I’m married to a quiet man, a smart man—philosopher, writer, psychologist/therapist, father, grandfather (known as Pops.) On June 13th, we celebrate our 62nd anniversary.
We met at a Jewish Community Center singles dance, each of us determined to meet the other in defiance of a mutual friend who had offered to fix us up and rescinded. Marv was from Detroit, a Wayne University engineering major and activated air force guardsman stationed at Fort Williams in South Portland, Maine. I was a Simmons College sophomore.
The original plan had been to meet at the dance. I was home for winter break and in between boyfriends. Marv was new in town; there was no sweetheart left behind. I wore a white wool suit (skirt, not pants) with strappy black shoes. Marv wore his blue air force uniform with the short-cropped jacket and nipped waist. Twenty-three years old, he had a full head of curly hair, broad shoulders and the romantic allure of a serviceman.
There was swing music, dancing. I stood at the edge, scanning the crowd. He was my mirror image, the handsome young stranger in uniform also scanning. Our eyes locked. We met in the middle, arms seeking to dance, in the spell of Night & Day or was it The Very Thought of You?
Commonality in background and values, our mothers were like sisters, mutual respect, a bent towards history, and its effects. We married, went to graduate school, found jobs, became therapists and partners in our own mental health clinic, and raised a son and daughter during the seventies era of Rock and Roll. Both of us now in our eighties, Marv has a small practice and teaches courses on our early presidents at an independent learning in retirement program.
I am grateful to have chosen a life partner who has as much regard for creativity within the human spirit as myself. When I made the turn from therapist to poet, Marv supported my wishes to attend a summer workshop. To my surprise, the morning I prepared to leave for a two-week stay, he marinated a chicken. Mom had not approved of my decision. “How can you leave for two weeks, who will cook, what will he eat?” I laughed and still do about Marv’s message—no need for worry, when it comes to my stomach, I’m resourceful.
Marv’s support deepened when I closed my therapy practice and enrolled in the Solstice MFA program. It helped our mutuality in that I had supported Marv through writing and editing two family therapy books and in the years that followed, three more— his most popular, Tool Kit for Smart Living, a compendium of insight and knowledge accrued over his lifetime as a family therapist.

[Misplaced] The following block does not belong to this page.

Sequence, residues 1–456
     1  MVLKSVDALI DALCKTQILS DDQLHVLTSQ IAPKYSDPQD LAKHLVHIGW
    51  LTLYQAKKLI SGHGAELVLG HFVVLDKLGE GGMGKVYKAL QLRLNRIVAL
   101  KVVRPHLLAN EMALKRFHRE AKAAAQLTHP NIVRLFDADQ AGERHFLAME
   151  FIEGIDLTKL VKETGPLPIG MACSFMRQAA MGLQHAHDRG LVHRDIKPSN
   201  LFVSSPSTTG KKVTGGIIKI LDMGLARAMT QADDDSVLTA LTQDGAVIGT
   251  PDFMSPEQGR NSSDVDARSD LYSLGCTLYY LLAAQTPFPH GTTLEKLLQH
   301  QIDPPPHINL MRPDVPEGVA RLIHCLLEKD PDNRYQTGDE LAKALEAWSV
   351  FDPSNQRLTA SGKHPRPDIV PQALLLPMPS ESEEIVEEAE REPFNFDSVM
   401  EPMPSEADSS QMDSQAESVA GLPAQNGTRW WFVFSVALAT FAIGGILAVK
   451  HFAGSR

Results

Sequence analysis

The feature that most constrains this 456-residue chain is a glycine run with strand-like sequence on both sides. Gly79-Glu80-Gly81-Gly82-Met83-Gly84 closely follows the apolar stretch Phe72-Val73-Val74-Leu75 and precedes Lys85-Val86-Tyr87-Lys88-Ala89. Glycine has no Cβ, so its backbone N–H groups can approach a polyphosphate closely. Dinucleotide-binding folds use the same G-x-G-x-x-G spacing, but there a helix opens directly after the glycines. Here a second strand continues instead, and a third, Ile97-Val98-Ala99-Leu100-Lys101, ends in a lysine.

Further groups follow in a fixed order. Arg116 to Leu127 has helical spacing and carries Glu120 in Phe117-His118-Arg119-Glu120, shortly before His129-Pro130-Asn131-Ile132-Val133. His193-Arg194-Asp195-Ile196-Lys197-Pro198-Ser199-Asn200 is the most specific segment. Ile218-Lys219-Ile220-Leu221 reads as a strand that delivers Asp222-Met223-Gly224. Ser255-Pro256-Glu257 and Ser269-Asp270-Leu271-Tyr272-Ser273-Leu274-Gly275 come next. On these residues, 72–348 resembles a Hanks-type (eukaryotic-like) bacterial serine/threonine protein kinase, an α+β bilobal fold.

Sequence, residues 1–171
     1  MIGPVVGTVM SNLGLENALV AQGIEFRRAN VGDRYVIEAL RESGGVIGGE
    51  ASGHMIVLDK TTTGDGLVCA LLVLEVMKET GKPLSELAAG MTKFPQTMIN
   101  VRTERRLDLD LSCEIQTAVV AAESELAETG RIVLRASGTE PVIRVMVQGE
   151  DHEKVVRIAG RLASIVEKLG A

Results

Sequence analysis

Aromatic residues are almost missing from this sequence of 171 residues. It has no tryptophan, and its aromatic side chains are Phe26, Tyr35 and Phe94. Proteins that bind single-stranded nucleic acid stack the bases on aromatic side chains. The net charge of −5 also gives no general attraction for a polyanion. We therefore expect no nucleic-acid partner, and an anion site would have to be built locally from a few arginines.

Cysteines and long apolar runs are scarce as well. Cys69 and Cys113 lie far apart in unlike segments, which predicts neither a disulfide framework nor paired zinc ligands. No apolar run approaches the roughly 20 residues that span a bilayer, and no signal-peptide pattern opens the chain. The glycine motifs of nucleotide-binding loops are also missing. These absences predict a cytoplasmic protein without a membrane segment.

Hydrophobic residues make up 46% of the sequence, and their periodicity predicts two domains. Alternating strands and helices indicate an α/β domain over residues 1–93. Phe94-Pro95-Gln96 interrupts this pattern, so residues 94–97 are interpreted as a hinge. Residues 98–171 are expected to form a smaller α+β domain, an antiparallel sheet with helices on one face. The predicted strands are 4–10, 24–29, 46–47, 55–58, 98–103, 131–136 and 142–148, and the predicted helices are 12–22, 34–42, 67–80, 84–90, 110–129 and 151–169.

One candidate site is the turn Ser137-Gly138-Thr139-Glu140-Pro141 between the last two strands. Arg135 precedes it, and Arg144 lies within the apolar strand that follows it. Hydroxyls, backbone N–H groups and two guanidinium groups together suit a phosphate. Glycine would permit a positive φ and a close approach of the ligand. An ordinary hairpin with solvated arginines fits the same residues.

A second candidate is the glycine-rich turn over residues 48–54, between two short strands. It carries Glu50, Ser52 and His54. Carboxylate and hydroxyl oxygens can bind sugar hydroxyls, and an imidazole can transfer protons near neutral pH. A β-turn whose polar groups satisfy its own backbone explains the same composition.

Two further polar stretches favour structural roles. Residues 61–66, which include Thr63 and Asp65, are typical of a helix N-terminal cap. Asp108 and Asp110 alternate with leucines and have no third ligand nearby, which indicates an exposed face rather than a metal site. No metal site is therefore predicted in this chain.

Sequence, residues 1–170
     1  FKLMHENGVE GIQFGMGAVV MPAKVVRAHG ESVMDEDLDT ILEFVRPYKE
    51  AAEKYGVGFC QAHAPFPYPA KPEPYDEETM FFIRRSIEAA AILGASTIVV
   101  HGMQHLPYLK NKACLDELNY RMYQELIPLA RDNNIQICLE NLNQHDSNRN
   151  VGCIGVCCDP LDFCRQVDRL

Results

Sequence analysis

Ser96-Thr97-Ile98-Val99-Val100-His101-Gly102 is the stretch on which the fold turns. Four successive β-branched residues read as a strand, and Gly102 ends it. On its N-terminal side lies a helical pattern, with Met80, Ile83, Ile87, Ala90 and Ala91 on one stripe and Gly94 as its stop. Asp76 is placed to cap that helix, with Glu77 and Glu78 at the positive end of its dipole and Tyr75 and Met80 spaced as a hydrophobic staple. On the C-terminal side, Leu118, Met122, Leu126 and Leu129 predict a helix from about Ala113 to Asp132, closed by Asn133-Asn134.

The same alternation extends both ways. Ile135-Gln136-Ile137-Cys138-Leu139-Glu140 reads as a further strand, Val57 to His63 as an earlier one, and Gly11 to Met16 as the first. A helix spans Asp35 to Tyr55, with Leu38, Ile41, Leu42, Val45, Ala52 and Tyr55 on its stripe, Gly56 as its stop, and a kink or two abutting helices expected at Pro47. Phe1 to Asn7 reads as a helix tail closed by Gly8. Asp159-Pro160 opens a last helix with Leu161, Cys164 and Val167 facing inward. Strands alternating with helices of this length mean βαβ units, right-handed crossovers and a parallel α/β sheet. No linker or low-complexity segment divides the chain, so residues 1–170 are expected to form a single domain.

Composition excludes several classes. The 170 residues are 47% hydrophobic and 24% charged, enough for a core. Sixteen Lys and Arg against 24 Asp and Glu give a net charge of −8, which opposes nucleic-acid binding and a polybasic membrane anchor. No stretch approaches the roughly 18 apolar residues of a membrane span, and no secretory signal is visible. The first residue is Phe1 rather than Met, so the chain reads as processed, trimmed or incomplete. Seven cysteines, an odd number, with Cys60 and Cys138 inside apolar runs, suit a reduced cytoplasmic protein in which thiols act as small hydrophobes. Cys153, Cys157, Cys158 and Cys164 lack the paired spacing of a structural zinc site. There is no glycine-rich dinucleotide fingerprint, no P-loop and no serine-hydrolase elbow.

So many decades—some all good, some peppered with ill winds, illnesses among those we love, deaths, family challenges. Through it all, we have continued to partner, grateful for health and friendship, devoted children and grandchildren, and the continued thirst for learning and creativity.
loved the story of how you met and felt chills reading how you two connected at first glance/dance. This article left me feeling a warm glow.
Feeling a warm glow from your response. Thanks, Carol!
Thanks, Faye for this story.
You are most welcome, Kathi.
Beautifully written. You married quite a guy.
Happy anniversary and keep it going.
Meant to tell you that I resonated with your previous blog
About your mother. You write letters to her
and I have conversations
With mine especially during trying times. My mother’s love
Is still with me. Your mother was handsome and had a wise look
Thanks, Hy. Our annal celebration with you & Sheila, friends on the path, helps to “keep it going.” I am moved by your comments about our moms.
Such a calm, but clearly emphatic, tribute. I like that supporting the other person’s creativity is put at the center of this piece, and also its inclusion of details signaling not only steadfastness (the Air Force uniform), but also surprise (a marinated chicken)…
I enjoy how you link the themes, and especially highlighting the other person’s creativity. Thank you, Rosemary.
65 years! Wow! Congratulations on a life of mutual respect and love. You and your husband are a wonderful example of how to live and thrive within a marriage.
Thank you, so much, Heather, for your warm note.
Truly amazing … Love your tribute to a truly fine man…and love the dress, hope u still have it ! Greatings from Lisbon Portugal!
Hello Pat, so thoughtful of you to comment from across the seas. I cherish the dress in memory–unfortunately, it faded away years ago.
What a sweet comment on what marriage,at it’s best, can be. This piece
is beautifully written, sweet, loving and fun to read. I love the picture of the beautiful
young bride as well Thank you for this.